Last week, we began a discussion about several significant changes that are underway at the Social Security Administration (SSA). We noted that The Wall Street Journal recently published a piece indicating that the SSA may be finally updating the grid used by administrative law judges to determine whether applicants are eligible for Social Security Disability (SSD) benefits. In addition, we mentioned that the SSA will soon be proposing a rule aimed at reigning in problematic disclosure-related practices committed by attorneys and other interested parties.
The grid is not the only SSD-related reference that is being updated. Over the next several years, the SSA will be updating the so-called dictionary that vocational experts use when determining whether a SSD applicant can perform any jobs available in the applicant’s home area.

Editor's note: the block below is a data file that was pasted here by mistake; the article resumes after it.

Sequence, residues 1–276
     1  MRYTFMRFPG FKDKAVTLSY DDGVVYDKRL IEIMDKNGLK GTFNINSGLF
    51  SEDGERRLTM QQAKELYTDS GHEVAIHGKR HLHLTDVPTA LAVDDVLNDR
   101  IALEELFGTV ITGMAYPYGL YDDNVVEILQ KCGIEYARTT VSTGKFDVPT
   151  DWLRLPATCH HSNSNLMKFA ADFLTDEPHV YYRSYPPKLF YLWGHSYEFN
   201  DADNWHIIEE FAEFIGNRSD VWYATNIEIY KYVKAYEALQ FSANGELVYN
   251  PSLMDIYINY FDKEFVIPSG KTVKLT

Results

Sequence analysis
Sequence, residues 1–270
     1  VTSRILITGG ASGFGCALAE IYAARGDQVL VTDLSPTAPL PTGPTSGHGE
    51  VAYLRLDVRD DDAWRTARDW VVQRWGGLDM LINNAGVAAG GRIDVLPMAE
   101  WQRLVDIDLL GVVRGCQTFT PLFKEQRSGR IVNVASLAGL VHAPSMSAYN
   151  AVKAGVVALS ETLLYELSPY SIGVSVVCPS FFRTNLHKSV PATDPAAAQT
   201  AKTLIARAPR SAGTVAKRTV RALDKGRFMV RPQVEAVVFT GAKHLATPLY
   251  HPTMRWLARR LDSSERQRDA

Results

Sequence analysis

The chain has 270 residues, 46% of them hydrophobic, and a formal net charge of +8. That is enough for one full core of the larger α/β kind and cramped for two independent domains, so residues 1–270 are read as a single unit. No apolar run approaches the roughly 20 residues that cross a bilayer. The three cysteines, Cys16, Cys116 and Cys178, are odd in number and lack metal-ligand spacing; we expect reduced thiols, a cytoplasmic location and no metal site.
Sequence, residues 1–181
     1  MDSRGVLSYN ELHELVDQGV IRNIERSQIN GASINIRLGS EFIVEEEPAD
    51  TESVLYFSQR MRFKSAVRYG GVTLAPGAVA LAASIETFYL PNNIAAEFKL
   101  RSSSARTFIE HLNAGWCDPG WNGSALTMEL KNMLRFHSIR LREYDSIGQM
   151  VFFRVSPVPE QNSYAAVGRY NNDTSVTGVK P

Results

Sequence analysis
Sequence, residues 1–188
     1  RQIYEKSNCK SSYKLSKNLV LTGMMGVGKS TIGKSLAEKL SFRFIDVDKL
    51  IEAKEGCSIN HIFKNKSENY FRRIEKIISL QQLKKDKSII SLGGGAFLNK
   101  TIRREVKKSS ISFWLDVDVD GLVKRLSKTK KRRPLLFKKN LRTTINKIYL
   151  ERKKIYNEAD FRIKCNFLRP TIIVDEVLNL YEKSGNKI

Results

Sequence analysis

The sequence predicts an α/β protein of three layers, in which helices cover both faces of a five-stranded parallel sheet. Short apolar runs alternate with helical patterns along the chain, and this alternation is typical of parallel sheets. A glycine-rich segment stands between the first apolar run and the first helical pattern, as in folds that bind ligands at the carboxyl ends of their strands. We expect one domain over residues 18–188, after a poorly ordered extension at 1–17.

This dictionary has not been updated at all since 1991 and contains many job titles that are no longer relevant or proper when considering an applicant’s potential employment. Among the job titles listed in this outdated dictionary are “blacksmith” and “show girl.” Also, newer technology-related jobs that may actually fit the sedentary lifestyle of some applicants are not included in the dictionary.
Finally, judges involved in the SSD application and appeals processes are likely to receive lighter caseloads in the near future as well as more scrutiny and supervision. Each SSD applicant and beneficiary depends on qualified, competent and well-supervised administrative law judges to make the right decisions when it comes to their cases. Certain changes affecting these judges in the near future will hopefully better ensure that SSD-related cases are given due consideration by competent officials.